Horace And Juvenal Analysis

1068 Words 5 Pages
Humans have been taught to be sole believers in competition and resentment with the next person. They prey on the next person's “greater life” without knowing their struggles that came with the other life. Soon one will start to have resentment for the minor things in their life and suddenly want more. One’s temporary satisfaction shows that they are greedy to have something that will not matter in the long run. The theme of people wanting more is highly demonstrated in Horace and Juvenal’s satire. Their methods describe how people are constantly wanting more mainly because they see other people are doing better than them. However, they also contradict one another by showing how their satirical methods shape the way a person thinks.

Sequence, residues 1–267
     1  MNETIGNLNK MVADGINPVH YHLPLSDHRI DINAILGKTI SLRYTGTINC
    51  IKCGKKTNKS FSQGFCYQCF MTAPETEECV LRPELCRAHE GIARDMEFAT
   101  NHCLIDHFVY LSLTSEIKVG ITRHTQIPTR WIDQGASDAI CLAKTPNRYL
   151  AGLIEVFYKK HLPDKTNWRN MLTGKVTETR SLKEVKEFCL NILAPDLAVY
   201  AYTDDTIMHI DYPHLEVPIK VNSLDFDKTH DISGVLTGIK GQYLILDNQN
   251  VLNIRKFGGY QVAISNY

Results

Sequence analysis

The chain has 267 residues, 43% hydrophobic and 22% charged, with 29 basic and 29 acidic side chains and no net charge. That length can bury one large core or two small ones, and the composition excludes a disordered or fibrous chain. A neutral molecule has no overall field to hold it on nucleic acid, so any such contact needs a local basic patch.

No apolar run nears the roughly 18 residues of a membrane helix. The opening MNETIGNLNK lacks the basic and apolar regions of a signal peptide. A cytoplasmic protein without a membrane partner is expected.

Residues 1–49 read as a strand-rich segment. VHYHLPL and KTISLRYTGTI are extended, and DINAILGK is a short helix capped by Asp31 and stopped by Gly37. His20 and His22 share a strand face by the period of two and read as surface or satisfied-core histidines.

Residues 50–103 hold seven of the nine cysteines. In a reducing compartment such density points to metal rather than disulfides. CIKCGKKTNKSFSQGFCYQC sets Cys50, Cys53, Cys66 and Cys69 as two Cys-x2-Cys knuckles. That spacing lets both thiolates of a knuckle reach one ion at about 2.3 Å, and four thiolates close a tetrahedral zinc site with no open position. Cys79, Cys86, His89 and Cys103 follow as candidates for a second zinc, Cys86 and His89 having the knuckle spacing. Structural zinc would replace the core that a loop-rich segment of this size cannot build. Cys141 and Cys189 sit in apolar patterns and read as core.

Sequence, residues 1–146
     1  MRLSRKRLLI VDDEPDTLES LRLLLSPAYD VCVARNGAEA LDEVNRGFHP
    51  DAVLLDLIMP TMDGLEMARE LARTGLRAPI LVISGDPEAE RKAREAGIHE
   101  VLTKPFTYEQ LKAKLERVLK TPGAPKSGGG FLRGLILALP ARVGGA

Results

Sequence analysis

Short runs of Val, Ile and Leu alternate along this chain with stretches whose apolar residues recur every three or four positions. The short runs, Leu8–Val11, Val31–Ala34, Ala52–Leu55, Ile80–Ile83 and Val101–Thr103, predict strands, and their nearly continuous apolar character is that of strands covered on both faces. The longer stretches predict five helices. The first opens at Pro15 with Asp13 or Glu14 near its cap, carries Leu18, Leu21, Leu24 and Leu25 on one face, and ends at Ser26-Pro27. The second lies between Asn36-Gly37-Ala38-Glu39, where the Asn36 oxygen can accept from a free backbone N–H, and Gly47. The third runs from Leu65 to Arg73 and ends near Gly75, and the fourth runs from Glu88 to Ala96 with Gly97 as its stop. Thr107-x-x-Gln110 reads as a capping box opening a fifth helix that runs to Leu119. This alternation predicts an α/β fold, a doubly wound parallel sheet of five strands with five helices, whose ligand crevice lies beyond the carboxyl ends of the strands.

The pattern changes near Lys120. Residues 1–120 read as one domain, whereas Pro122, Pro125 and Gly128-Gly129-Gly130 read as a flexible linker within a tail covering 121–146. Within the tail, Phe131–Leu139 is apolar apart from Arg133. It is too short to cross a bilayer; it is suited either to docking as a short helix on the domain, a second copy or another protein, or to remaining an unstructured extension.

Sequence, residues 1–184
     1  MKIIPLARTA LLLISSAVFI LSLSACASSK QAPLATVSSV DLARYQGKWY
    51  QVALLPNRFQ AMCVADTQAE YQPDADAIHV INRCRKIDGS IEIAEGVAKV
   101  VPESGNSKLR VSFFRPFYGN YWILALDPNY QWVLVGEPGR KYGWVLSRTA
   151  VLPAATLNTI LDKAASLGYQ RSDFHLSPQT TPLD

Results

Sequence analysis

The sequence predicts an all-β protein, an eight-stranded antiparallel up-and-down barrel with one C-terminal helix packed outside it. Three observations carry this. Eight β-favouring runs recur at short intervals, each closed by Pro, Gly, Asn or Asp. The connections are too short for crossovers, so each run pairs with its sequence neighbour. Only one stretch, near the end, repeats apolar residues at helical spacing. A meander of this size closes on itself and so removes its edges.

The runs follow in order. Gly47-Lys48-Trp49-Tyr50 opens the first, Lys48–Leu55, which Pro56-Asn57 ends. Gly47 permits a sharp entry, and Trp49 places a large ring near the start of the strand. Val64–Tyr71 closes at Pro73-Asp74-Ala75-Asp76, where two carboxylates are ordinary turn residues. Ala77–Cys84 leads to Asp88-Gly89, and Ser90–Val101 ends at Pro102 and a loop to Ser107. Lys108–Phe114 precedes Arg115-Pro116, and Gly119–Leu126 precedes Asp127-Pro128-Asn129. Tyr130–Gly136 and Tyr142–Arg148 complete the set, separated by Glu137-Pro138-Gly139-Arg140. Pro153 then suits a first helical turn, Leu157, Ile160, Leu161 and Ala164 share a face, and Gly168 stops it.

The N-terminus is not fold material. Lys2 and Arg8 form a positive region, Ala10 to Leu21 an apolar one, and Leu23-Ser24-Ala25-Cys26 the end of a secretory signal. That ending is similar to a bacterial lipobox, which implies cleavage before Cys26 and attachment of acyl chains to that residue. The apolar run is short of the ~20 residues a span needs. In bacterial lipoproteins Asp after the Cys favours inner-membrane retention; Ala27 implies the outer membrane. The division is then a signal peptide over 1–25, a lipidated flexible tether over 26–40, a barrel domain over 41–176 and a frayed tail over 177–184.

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Since both mentioned that people have the desire to acquire more, a prediction can be made that people will not be able to refrain from this mindset. They will always have the perception that they have to become better than the next, as it will causes them to lose themselves. Both Horace and Juvenal wants people to embrace life itself. They don’t want someone’s focus to be on solely based on jealousy. Rather than being invidious of someone else, Horace and Juvenal explains how they want people to appreciate the good aspects of life. Even though one may be going through various obstacles, it helps with their character. It shows that someone is able to withstand any and everything, and can use their obstacles to help the next. Additionally, Horace and Juvenal wants everyone to embrace one another. Although their methods are different in describing how people should act, they both have the same mission. One’s competition actually causes someone to have more hate for others. This can cause someone to feel insecure about themselves. Someone may have the idea that they are not living up to their full potential, and comparing themselves to the next person can make someone feel worthy. But, one should value and love himself. He should not compare himself

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